Libertarian candidate Gary Johnson may not be on stage for this year’s televised presidential debates, but he is getting his say on America’s top issues relating to science and technology, health and the environment – thanks to Science Debate.
Johnson was the last of four presidential hopefuls to respond to Science Debate’s 20-question policy quiz. His answers went online today. Democrat Hillary Clinton, Republican Donald Trump and the Green Party’s Jill Stein weighed in a week earlier.
Shawn Otto, who chairs the ScienceDebate.org initiative, said in a news release that the candidates’ responses “provide a window into the role evidence from science plays in their decision-making” – but he emphasized that the voters shouldn’t rely solely on the quiz answers.
“Now we need journalists and the public to press these candidates for more specifics,” Otto said. “How reasonable are their proposals, given the known evidence? What relative roles do ideology and evidence seem to play in their thinking? These are important considerations in electing an executive who will have the power to set policy, guide and enforce regulations, influence research investments, sign treaties, inspire students, encourage innovation, approve laws, manage immigration, and commit soldiers to battle.”
Johnson, a former governor of New Mexico, is more likely than Trump to accept the mainstream scientific verdict on issues such as climate change but less likely than Clinton or Stein to offer a policy prescription. Here are some excerpts:
Climate change: Johnson acknowledges that industrial greenhouse-gas emissions are contributing to climate change. “Unfortunately for policymakers – the very activities that appear to contribute to climate change also contribute to mankind’s health and prosperity, so we view with a skeptical eye any attempts to curtail economic activity,” he said. Instead, he’d rely on the market to address climate repercussions.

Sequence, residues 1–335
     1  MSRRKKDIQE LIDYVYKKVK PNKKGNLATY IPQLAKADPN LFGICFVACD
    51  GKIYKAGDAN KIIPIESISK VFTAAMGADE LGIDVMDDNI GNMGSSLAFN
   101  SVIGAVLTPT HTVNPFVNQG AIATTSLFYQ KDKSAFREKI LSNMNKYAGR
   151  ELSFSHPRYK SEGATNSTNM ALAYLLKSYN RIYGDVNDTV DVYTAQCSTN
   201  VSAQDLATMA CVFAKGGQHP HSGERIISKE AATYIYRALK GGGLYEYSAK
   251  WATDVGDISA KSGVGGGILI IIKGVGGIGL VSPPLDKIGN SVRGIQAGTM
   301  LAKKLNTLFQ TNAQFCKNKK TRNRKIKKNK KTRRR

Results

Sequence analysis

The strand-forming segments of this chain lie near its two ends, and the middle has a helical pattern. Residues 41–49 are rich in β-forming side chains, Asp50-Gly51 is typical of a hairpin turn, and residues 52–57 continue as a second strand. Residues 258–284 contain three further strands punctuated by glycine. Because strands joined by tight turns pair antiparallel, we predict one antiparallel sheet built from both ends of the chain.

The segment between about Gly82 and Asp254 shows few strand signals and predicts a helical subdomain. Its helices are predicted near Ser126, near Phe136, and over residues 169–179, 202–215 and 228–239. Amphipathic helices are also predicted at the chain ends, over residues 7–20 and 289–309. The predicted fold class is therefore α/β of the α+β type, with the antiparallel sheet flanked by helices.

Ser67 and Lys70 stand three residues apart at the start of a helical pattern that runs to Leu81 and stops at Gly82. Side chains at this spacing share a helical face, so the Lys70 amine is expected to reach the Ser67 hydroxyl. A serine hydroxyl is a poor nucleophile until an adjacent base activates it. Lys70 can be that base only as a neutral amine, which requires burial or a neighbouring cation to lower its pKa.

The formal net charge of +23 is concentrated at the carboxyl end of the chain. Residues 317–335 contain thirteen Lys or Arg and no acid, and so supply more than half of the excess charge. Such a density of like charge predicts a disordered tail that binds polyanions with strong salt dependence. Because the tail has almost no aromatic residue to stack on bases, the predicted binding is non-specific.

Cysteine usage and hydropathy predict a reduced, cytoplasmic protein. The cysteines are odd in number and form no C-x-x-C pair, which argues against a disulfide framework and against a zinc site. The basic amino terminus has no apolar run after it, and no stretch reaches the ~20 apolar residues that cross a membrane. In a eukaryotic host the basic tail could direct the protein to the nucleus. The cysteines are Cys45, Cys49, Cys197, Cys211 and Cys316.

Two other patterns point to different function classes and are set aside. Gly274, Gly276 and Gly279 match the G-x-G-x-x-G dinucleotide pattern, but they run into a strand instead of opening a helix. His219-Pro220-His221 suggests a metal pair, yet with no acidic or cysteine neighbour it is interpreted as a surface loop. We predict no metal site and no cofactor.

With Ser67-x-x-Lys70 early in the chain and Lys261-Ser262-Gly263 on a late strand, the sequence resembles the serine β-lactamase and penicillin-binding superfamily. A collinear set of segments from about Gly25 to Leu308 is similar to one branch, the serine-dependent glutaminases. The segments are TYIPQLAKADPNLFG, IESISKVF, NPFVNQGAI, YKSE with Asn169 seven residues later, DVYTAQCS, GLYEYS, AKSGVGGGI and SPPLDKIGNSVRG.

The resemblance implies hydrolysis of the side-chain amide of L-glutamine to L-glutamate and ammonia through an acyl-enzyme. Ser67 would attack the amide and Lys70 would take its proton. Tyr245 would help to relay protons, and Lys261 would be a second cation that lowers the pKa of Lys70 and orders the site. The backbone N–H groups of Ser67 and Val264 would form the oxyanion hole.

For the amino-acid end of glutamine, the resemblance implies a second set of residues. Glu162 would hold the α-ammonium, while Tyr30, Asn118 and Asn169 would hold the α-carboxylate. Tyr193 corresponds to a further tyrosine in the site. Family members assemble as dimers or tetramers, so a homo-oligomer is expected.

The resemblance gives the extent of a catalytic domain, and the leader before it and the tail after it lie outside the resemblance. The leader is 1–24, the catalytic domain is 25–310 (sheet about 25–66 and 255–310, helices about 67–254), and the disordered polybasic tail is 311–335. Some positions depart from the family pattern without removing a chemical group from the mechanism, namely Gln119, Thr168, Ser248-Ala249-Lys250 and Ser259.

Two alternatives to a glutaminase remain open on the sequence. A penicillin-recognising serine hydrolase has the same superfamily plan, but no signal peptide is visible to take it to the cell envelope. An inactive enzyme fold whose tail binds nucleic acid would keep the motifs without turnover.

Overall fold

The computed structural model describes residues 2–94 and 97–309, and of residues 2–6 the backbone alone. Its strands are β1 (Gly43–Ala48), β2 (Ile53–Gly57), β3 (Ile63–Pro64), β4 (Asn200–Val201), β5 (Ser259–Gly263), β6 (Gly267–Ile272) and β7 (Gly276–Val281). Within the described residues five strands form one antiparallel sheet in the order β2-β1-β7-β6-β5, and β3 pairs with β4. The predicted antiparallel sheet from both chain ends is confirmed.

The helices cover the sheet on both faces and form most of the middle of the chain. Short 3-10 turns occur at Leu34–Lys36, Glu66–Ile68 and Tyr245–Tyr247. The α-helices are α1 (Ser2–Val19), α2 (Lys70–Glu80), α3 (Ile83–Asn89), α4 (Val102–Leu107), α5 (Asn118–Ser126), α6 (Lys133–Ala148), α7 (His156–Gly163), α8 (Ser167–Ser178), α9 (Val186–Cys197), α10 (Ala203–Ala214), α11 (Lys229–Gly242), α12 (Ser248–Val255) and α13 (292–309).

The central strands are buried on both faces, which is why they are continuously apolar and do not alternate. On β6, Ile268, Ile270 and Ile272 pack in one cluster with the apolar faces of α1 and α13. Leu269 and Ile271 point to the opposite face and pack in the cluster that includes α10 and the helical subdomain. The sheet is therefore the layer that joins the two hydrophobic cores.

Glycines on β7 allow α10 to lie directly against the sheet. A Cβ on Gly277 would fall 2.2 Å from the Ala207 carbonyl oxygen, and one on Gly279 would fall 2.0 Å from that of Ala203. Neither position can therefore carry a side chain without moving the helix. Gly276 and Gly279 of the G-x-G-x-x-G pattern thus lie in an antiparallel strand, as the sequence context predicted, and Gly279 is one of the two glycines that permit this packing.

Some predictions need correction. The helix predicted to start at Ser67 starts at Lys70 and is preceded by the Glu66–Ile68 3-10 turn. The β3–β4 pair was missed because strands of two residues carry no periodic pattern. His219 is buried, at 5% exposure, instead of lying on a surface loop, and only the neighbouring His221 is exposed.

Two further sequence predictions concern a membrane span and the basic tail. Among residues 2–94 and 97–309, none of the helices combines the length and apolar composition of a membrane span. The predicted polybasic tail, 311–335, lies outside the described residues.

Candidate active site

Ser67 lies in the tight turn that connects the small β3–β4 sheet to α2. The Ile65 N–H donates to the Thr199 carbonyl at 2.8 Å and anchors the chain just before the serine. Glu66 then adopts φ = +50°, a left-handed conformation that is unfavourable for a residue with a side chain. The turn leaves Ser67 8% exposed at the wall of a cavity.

Energy: “We believe that no source of energy is categorically wrong or right, but some sources of energy may be procured or used incorrectly or used in the wrong applications, too often as a consequence of government interference and manipulation.”
Space exploration: “Private corporations are increasingly interested in space travel, and the private sector has access to far more resources than the public, so we welcome private participation and even dominance in space exploration.”
Scientific integrity: “Particularly in this age of almost limitless information and instant ‘peer review,’ real transparency will resolve many of the distortions that exist and create a scientific check on political interference. Science has too often been encouraged to oversell its results in the political theater.”
Internet policy: The National Security Agency should stick to “its original purpose of remaining on the forefront of American cyber defenses,” Johnson says. “The best way to improve cybersecurity is to educate the most likely security hole in any technology – the people sitting at the keyboards.”
Innovation: “The most important policies for science and engineering are those that reduce the burdens on the economy of deficit spending and debt, and which reduce a tax burden that siphons dollars away from investment and into government coffers.”
Check out the full list of 20 responses at Science Debate’s website. You can also get a quick four-candidate comparison on science and environment issues (plus lots more) at ProCon.org. For additional perspectives focusing on Clinton and Trump, take a look at Science News’ issue-by-issue analysis, plus the matchup from ISideWith.com,